I’ve woken up to a lot of bad smells.
Now, that’s no comment on the lovely woman who joins me in cohabitation. But there have been plenty of odors in my life – the cement plant behind my house when I was a kid, the diaper pail when I was Mr. Mom, even the smell of chemicals when the city sprays for mosquitoes overnight. But this smell …
It could best be described as rich.
I’m a deep sleeper. It’s as hard to drag me out of sleep as it might be to wake a college kid home for Christmas break. But this odor hit my nose just right, and with just the right amount of clinging stench.
It smelled like a skunk. But how could it be? I was inside. The doors were locked. It was winter, so the windows were closed. And the smell seemed to be coming from the heating vent.
I shook my head, rubbed my eyes, and leaned closer to the vent. My eyes started burning.
Oh, yeah. Skunk.
About that time, the lovely woman who joins me in cohabitation stared at me and said, “What did you eat?”
“It wasn’t me,” I said. “It’s the heater.”
She tried to arch an eyebrow. “I’ve heard it called a lot of things, but never ‘the heater.’”
I pointed at the offending vent. “Check it out for yourself.”
About that time, my youngest daughter, who’s in college but should still be five years old, wandered into the room and said, “Hey, my room smells like a skunk.”
“See? It’s not me.” I may have added a self-satisfied, “Humph.”
“OK,” said the lovely woman who joins me in cohabitation. “Then what’s causing it?”
We all just stood there and tried not to breathe too deeply. The smell was thickening.
The one who should still be five said, “Could it be some kind of gas?”
The lovely woman who joins me in cohabitation glanced at me again and tried to arch her other eyebrow. She failed.
“Well, it is a gas heater, but gas doesn’t smell like that,” I said, gasping slightly. “Nothing does.”
“Carbon dioxide?” asked the lovely woman who joins me in cohabitation.
“I think carbon dioxide is odorless,” I said, gagging a little more. It was like a solar flare, only with stink. “But you can’t be too sure.”
I grabbed my phone and starting checking the internet for possible causes of a skunk smell in your heater. It turned out that the source could be a skunk outside your open window. Or trolling in your basement. Or actually inside your heater.
How was I supposed to check that? I’m not even sure where the pilot light is.
“Maybe we should look outside,” said the lovely woman who joins me in cohabitation. “We did put out the trash and recycling tonight.”
So we checked outside. We live in a lovely, older, two-story townhouse with about seven neighbors spread over two buildings, and the smell smacked us upside the head. Oddly, though, it smelled just as bad inside the townhouse.
“How could it smell that bad inside, too?” I asked. “Do you think the skunk’s really in our furnace?”
The one who should be five rolled her eyes at me. “How would the smell get outside, Dad?”
“I don’t know. How did it get in?”
Then I noticed that the lovely woman who joins me in cohabitation was missing. She was either off investigating, or the smell melted her into a puddle of goo.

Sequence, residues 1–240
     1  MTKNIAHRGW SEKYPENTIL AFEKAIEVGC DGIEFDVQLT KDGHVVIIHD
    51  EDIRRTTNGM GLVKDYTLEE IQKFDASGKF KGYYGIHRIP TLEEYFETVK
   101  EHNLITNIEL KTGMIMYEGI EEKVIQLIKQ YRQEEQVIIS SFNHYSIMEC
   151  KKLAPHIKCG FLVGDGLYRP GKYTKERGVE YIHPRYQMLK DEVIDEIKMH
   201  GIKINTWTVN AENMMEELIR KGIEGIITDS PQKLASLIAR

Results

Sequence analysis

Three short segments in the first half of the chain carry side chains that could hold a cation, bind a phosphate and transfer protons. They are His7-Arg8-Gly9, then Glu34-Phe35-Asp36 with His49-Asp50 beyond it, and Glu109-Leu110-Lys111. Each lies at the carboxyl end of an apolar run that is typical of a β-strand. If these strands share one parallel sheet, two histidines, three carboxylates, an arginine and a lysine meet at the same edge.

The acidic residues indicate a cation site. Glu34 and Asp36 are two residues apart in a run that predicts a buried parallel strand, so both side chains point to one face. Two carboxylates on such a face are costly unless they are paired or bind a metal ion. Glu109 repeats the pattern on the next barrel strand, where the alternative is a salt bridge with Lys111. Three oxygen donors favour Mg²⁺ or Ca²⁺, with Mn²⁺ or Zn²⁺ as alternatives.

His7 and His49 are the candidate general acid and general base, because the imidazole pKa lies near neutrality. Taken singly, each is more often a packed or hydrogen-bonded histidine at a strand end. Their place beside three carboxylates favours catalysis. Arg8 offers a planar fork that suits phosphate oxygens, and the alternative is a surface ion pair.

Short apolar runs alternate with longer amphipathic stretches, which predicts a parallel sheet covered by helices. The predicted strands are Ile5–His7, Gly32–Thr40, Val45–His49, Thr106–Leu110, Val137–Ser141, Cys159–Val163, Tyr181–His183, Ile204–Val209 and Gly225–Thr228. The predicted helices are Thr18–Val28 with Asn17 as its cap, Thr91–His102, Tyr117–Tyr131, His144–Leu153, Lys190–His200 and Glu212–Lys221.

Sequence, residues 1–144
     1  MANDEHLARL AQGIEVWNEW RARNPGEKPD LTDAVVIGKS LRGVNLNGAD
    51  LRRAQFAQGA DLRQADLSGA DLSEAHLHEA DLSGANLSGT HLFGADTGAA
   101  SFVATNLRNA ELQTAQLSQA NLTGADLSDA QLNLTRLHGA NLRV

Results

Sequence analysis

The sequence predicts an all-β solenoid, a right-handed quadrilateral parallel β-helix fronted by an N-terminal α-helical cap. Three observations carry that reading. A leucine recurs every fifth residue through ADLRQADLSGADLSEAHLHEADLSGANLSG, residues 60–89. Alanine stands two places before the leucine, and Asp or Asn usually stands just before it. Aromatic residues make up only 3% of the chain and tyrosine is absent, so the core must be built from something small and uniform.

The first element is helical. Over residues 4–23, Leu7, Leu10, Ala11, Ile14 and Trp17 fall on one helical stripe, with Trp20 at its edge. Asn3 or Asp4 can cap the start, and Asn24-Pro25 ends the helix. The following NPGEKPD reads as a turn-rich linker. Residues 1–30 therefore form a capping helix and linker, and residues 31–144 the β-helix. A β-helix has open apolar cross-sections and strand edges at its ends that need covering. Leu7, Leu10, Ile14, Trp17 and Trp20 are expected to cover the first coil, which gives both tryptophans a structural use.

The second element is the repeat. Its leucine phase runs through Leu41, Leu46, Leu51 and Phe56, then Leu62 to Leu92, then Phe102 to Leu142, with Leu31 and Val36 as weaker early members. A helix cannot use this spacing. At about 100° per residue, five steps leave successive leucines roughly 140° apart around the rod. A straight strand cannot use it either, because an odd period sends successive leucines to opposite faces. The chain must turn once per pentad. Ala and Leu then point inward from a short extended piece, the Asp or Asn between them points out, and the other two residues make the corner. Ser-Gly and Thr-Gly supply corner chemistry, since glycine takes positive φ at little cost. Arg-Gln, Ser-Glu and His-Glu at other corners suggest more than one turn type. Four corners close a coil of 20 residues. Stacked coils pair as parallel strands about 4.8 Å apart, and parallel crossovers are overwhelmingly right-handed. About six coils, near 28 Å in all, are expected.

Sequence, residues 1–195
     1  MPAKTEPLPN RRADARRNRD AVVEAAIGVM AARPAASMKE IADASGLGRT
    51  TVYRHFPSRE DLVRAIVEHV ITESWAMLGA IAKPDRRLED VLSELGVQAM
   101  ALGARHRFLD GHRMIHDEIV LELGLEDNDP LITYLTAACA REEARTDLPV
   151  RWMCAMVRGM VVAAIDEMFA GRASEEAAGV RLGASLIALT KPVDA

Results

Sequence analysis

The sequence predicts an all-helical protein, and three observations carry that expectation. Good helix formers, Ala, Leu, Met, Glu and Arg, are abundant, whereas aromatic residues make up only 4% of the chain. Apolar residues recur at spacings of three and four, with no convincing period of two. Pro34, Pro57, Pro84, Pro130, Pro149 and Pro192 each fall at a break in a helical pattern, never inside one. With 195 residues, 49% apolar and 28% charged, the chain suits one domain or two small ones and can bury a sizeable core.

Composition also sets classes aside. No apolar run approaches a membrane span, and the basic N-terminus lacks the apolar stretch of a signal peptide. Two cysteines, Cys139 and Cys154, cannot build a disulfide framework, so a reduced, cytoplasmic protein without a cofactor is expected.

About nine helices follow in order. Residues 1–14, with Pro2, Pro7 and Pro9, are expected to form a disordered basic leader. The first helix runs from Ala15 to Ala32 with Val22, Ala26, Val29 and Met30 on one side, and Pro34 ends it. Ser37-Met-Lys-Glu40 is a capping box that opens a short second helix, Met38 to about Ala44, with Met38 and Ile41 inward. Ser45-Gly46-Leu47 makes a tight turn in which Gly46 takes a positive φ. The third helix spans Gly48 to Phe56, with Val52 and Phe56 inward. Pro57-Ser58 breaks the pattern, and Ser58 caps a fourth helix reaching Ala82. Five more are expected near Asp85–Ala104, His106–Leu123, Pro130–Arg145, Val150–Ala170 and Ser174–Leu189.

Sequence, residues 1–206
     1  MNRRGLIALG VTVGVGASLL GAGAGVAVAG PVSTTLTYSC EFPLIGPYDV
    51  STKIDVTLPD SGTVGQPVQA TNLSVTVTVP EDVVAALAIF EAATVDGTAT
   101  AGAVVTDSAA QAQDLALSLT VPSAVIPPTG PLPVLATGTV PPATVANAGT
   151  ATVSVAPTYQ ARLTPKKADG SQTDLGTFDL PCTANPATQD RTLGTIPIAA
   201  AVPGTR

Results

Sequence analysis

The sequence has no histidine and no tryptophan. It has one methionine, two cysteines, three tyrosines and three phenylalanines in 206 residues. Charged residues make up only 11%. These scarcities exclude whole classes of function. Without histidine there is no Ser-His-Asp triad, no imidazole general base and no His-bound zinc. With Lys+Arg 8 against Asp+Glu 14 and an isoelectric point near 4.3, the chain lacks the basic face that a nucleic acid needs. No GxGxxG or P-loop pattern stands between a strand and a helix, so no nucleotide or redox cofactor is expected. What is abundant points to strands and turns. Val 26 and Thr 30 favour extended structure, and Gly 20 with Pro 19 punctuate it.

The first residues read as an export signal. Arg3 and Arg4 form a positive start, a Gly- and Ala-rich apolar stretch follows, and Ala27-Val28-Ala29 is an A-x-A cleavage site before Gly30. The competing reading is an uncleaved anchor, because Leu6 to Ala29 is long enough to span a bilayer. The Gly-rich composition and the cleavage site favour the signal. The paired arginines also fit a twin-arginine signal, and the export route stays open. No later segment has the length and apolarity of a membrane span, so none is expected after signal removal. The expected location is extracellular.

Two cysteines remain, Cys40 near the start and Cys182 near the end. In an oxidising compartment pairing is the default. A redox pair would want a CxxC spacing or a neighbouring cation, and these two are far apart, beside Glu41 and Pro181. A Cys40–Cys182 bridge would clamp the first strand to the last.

Now, there’s something you need to understand about her. She loves animals. Not in the, “Oh, look, the puppy is cute!” kind of way. She’s hard core. Her favorite place is the zoo. She talks to the animals like they’re dear friends. Online, she watches live camera links to bears in the wild, puppies being born and raised, pandas shoving each other off platforms, and countless other cameras that run the gamut of the animal kingdom. You might even classify her as nature’s stalker. So if she actually saw a skunk, she’d be tempted to hug it, squeeze it, and name it.
But while there was no sign of the lovely woman who joins me in cohabitation, there was still the clinging odor of a really pissed-off skunk.
“This smell brings back memories,” I said.
“Come on, Dad, your biscuits aren’t that bad,” said the one who should be five.
“I’m not talking about my biscuits,” I said. “I’m talking about a camping trip when I was a kid. There was an animal sniffing around our tent, so my dad decided to play hero and go check it out. Mom tried to stop him, but there was no reasoning with him.”
“That apple didn’t fall far from the tree,” muttered the one who should be five.
I decided to ignore that. “Predictably, the animal was a skunk, and Dad decided that he should scare it away. So he yelled at it, and it sprayed at him, and then he yelled again. Direct hit.” I shook my head. “He got pretty made when Mom wouldn’t let him back in the tent.”
That’s when the lovely woman who joins me in cohabitation hurried around the corner.
“I saw them!” she said, scurrying past.
“Them? What do you mean by, ‘Them?’” I asked. “And where are you going?”
“They’re by the trash,” she called over her shoulder. “Someone left a couple of bags on the ground, and they’re tearing through them. I want to get a closer look!”
And then she was gone around another corner. It was like my Dad all over again.
The one who should be five sighed. “So, is it tomato juice that we’ll need to get the smell off of her?”
“Could be,” I said as we headed back inside. “I can look it up on my phone. In the meantime, you should probably lock the door.”
(C.W. Grody is the author of 13 books. His latest book, Since Before You Were Born, is a collection of humorous stories based on his childhood. It’s available here: http://www.amazon.com/Since-Before-You-Were-Born-ebook/dp/B00EHT3B5G. He’s also published hundreds of articles in national magazines, including Sports Illustrated, Sport, and Boys Life.)